Competition aside, travel is not a good keyword to target anyway. Sure, the keyword might get searched millions of times every month, but the intent isn't there. Someone searching for travel could be interested in a lot of different (totally unrelated) things like airfares, boat cruises or the last space expedition to Mars.
It is almost certain the searcher is not looking for a "beginners mountain biking tour guide that can get a family safely to the top of Mount Shasta in California".
Even if you went after more related terms like "mountain biking" you'd still be up against heavy hitters like About.com and REI.
So, what do you do?
Get more specific.
Some better terms to explore might be:
guided mountain biking tours in California
california guided mountain biking tours for beginners
Mount Shasta guided mountain bike tours
mount Shasta family mountain bike tours
Because these search terms are much more specific, they will have exponentially less search volume, but be much more valuable to your company because:
1. The long tail keywords are much easier to rank for.
2. You are able to target people searching for the exact product/ service you sell, which means they are much more likely to become buyers.
This is obviously a very simplified example, but the principle holds true in any niche.
In fact, long tail keywords now account for 75% of all online searches, and convert 2.5x more often than head terms:
Long tail keywords are responsible for 57% of Amazon's sales.
Now that we all agree on why long tail keywords are so important to the success of your business, let's see how Michael Karp used them to boost traffic and online revenue for a company in the drone market:
Long Tail Case Study: First Page Rankings, Traffic and Online Sales
Last year, Michael was contacted by Alan Pearlman - the founder of UAV Coach. Alan needed help increasing his site's organic traffic and online sales.
A key component to achieving success would be identifying keywords to target, and rank for, across each stage of the buyer journey.
Enter Long Tail Pro.
Michael used the tool to build a list of target keywords the site could realistically rank for over the next 3-6 months.
A list of 65 long tail keywords with a combined 250,000 monthly searches.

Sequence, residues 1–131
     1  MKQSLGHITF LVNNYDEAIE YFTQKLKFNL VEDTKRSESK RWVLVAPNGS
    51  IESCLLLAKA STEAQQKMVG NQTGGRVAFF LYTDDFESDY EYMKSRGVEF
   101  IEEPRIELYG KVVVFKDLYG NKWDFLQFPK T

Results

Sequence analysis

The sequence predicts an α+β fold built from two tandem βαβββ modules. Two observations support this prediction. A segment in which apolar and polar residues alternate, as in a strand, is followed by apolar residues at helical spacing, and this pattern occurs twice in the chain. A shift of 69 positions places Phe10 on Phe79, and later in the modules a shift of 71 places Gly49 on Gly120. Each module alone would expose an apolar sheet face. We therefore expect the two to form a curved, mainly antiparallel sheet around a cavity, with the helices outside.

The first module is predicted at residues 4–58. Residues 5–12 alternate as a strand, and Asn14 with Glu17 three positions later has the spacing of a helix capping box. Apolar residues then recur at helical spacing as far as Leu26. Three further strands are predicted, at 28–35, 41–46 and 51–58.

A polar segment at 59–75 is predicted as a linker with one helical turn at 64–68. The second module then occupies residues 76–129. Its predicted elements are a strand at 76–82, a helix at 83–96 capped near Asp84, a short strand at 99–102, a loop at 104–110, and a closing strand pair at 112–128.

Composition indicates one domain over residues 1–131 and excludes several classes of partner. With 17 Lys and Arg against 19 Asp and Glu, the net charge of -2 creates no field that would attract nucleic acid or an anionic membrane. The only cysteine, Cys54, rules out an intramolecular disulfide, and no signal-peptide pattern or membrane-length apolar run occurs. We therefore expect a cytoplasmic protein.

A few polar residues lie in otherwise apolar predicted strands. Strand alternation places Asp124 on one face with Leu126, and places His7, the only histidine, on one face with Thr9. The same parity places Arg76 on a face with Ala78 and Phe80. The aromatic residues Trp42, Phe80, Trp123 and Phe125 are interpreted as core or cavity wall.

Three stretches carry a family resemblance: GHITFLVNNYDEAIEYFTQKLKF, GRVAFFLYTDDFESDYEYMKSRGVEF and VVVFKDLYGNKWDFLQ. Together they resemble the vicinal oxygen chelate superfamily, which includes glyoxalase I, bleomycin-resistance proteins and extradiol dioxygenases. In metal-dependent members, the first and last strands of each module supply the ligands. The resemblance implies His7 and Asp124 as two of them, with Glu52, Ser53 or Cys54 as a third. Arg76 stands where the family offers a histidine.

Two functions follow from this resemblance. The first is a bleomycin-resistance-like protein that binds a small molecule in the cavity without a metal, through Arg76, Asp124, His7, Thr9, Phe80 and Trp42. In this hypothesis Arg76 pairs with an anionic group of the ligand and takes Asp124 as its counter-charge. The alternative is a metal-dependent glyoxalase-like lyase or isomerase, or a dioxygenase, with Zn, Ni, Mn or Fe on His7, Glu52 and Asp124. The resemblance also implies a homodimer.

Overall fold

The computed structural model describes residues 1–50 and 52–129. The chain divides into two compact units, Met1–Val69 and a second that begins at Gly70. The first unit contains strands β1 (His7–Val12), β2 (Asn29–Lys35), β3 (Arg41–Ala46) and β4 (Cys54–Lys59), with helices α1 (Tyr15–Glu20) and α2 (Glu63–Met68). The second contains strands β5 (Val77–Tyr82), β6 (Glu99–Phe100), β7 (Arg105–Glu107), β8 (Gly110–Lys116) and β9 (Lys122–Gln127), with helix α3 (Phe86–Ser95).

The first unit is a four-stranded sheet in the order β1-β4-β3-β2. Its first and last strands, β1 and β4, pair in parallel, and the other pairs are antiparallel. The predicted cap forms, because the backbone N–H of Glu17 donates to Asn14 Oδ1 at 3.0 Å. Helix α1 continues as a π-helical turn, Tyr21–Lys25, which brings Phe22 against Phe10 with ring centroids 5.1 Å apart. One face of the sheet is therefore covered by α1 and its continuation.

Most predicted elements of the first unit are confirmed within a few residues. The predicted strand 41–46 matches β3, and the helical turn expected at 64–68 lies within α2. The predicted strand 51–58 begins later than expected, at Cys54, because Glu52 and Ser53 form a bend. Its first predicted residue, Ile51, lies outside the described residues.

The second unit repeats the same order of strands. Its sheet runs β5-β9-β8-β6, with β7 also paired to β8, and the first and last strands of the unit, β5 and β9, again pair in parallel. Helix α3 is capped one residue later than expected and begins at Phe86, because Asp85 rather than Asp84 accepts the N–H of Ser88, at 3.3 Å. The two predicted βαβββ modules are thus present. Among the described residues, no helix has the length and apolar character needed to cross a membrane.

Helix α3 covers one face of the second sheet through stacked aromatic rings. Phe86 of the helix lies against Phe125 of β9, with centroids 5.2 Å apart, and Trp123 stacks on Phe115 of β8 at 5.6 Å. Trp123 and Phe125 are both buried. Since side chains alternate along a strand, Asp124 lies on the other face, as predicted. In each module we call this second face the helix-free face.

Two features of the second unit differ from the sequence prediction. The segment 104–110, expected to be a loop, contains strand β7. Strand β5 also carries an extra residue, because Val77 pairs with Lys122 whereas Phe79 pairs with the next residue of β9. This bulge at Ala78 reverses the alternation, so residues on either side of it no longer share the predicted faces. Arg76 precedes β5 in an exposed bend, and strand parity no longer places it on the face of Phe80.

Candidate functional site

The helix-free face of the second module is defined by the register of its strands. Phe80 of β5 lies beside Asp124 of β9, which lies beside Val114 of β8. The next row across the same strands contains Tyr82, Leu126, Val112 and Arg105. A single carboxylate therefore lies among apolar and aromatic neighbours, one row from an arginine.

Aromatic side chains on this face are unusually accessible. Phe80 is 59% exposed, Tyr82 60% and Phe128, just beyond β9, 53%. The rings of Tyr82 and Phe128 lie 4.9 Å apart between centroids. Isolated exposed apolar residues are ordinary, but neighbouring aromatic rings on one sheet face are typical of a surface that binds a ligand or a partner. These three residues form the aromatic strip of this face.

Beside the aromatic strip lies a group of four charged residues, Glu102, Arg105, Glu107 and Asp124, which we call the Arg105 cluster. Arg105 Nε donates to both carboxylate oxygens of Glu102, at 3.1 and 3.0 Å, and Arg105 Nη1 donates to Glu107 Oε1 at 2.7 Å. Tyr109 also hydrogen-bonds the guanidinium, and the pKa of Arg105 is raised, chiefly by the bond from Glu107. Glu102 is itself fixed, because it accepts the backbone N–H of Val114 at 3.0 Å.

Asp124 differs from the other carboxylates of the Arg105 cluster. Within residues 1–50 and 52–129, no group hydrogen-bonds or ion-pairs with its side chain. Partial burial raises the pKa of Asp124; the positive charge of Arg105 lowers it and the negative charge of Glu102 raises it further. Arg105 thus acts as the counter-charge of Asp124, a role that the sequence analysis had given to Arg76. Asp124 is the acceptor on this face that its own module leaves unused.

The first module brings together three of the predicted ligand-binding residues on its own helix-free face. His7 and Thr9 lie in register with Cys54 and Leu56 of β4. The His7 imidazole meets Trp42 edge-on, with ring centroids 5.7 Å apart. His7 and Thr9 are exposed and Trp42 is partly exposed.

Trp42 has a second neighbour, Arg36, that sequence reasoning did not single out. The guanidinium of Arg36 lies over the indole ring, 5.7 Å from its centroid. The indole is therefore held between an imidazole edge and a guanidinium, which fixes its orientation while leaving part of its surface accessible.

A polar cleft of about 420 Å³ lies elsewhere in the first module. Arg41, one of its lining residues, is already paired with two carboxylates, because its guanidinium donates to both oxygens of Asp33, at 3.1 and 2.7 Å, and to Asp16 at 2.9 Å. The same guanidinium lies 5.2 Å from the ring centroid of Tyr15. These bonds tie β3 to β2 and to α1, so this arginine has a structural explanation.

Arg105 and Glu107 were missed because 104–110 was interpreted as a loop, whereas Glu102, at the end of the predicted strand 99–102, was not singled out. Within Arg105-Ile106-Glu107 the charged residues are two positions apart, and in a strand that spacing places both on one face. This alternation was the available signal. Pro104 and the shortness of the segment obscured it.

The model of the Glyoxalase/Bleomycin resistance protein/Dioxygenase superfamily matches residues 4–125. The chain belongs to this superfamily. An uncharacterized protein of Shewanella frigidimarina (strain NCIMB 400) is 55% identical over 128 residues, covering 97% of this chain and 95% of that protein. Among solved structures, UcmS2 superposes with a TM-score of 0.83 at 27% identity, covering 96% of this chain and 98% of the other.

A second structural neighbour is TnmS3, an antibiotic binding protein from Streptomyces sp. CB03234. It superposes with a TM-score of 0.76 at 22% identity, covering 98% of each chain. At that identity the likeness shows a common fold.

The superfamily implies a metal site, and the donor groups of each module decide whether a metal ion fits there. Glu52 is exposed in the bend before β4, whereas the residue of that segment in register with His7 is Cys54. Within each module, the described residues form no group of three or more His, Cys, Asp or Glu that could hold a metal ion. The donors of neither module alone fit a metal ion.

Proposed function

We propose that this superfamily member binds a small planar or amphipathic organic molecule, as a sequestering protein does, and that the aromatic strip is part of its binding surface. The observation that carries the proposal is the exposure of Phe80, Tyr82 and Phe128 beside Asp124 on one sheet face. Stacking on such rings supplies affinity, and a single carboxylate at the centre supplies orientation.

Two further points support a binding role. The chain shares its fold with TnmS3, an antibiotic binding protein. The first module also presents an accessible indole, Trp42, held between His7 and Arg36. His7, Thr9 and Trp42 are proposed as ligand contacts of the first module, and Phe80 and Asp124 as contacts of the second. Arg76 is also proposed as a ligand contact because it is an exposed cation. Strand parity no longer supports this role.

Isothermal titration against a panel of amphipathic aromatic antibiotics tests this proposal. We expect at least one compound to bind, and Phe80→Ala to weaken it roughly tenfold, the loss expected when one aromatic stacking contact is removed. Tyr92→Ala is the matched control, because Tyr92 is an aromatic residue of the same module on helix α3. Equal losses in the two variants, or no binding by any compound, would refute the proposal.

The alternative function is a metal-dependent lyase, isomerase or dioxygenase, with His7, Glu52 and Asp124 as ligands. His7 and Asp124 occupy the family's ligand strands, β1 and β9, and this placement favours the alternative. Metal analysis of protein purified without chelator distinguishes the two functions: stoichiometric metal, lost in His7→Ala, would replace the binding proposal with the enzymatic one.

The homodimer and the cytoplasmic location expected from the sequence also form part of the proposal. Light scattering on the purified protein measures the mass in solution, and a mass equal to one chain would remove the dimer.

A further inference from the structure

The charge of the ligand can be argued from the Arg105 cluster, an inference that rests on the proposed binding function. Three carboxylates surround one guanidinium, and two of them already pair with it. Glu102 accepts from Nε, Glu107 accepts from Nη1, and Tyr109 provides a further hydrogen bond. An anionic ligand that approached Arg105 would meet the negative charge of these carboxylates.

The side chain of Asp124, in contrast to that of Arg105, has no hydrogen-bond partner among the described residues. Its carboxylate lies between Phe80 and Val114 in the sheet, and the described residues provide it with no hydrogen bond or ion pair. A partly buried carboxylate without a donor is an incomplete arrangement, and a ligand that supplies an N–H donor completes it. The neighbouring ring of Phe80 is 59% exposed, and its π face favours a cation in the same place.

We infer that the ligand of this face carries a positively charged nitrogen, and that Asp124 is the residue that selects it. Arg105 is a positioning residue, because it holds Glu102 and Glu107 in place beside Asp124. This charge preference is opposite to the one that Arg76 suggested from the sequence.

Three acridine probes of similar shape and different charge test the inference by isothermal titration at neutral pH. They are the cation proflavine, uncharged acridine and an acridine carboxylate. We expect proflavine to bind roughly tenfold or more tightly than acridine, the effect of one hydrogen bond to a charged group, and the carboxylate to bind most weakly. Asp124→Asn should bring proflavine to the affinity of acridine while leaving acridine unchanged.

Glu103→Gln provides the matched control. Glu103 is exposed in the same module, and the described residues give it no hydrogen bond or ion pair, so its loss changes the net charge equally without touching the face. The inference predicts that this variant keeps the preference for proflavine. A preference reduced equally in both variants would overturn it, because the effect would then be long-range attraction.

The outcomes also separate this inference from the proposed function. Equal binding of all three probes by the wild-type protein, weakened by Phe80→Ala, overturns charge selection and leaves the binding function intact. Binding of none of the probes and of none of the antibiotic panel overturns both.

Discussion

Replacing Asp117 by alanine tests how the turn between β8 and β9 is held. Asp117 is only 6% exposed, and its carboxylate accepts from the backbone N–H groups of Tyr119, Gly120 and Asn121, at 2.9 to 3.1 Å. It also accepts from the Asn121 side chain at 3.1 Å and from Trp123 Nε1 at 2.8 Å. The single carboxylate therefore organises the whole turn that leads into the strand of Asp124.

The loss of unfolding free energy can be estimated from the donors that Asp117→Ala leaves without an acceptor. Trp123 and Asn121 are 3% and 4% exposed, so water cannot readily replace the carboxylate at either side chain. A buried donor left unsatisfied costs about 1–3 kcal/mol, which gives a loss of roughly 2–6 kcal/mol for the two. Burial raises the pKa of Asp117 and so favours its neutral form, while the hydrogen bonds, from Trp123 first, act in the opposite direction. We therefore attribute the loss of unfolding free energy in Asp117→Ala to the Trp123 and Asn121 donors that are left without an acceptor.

Over the next six months, Michael would create and rank content for dozens of the long tail keywords:
This generated over 780,000 organic visits in 18 months:
And the propelled the site to 160,000 monthly visitors:
The increased in targeted organic traffic netted UAV Coach an additional $1,500 in monthly revenue, while enabling the company to build a large email list and generate additional revenue through ongoing product launches.
Needless to say, Alan was a happy client:
While I’ve worked with hundreds of companies on their marketing and sales strategies, it wasn’t until working with Michael that I saw such rapid growth in organic, search engine traffic. Doubling our results month-over-month has not only helped us to grow our email list and generate revenue through our affiliate partners. It’s helped us to transform our mere industry blog into a real, thriving business.
Founder, UAV Coach
Great, but what if I'm in a super competitive industry?
Here's the deal:
The drone industry is ripe with low hanging fruit - loads of low competition, high volume keywords. However, your niche might not be as easy.
Not to worry.
Truth is, a tool like Long Tail Pro can be used to find new keyword opportunities in the smallest of niches, and the most competitive.
For example: Michael and I both run personal blogs in the "online marketing" niche, one of the toughest SEO environments on the planet.
It's a space where seemingly every keyword with any search volume has been swallowed up by high authority big-brand websites.
Not to mention, most people understand SEO basics and how to apply best practices.
It’s a dog fight.
Despite the competition, Michael was still able to use Long Tail Pro to find untapped keywords that drive passive traffic and leads every month:
Neil Patel is another person who managed to generate 173,336 qualified visitors from long-tail keyword phrases in the past year.
And, other experts are relying on the tool everyday to do the same:
I’m a fan of Long Tail Pro! It’s a powerful keyword research tool that I’ve used and am very impressed. I definitely recommend Long Tail Pro. It’s a must-have tool for any SEO or Internet Marketer.
With actionable data from Long Tail Pro, you will be able to find loads of targeted long tail keywords in both low and high competition niches.
Later in this review, Michael will be teaching you how to take the data from Long Tail Pro and use it to build search strategies that drive short and long term growth.
But first, the part you've all been waiting for...
A Behind-The-Scenes Look at How Long Tail Pro Works
This week, Long Tail PRO launched it's new cloud version. All new users will start on the cloud version, while existing customers will be gradually transitioned across in the coming months. This is the first review focused 100% on the new cloud application.
Some of the new features and benefits:
- Customized Target Keyword Competition - Enter your domain and LTP will calculate your domain's overall strength. The tool will recommend a Keyword Difficulty range to target based on your own domain metrics.
- Rank Value - A new metric that estimates how much profit ranking for #1 for a given keyword will make you per month.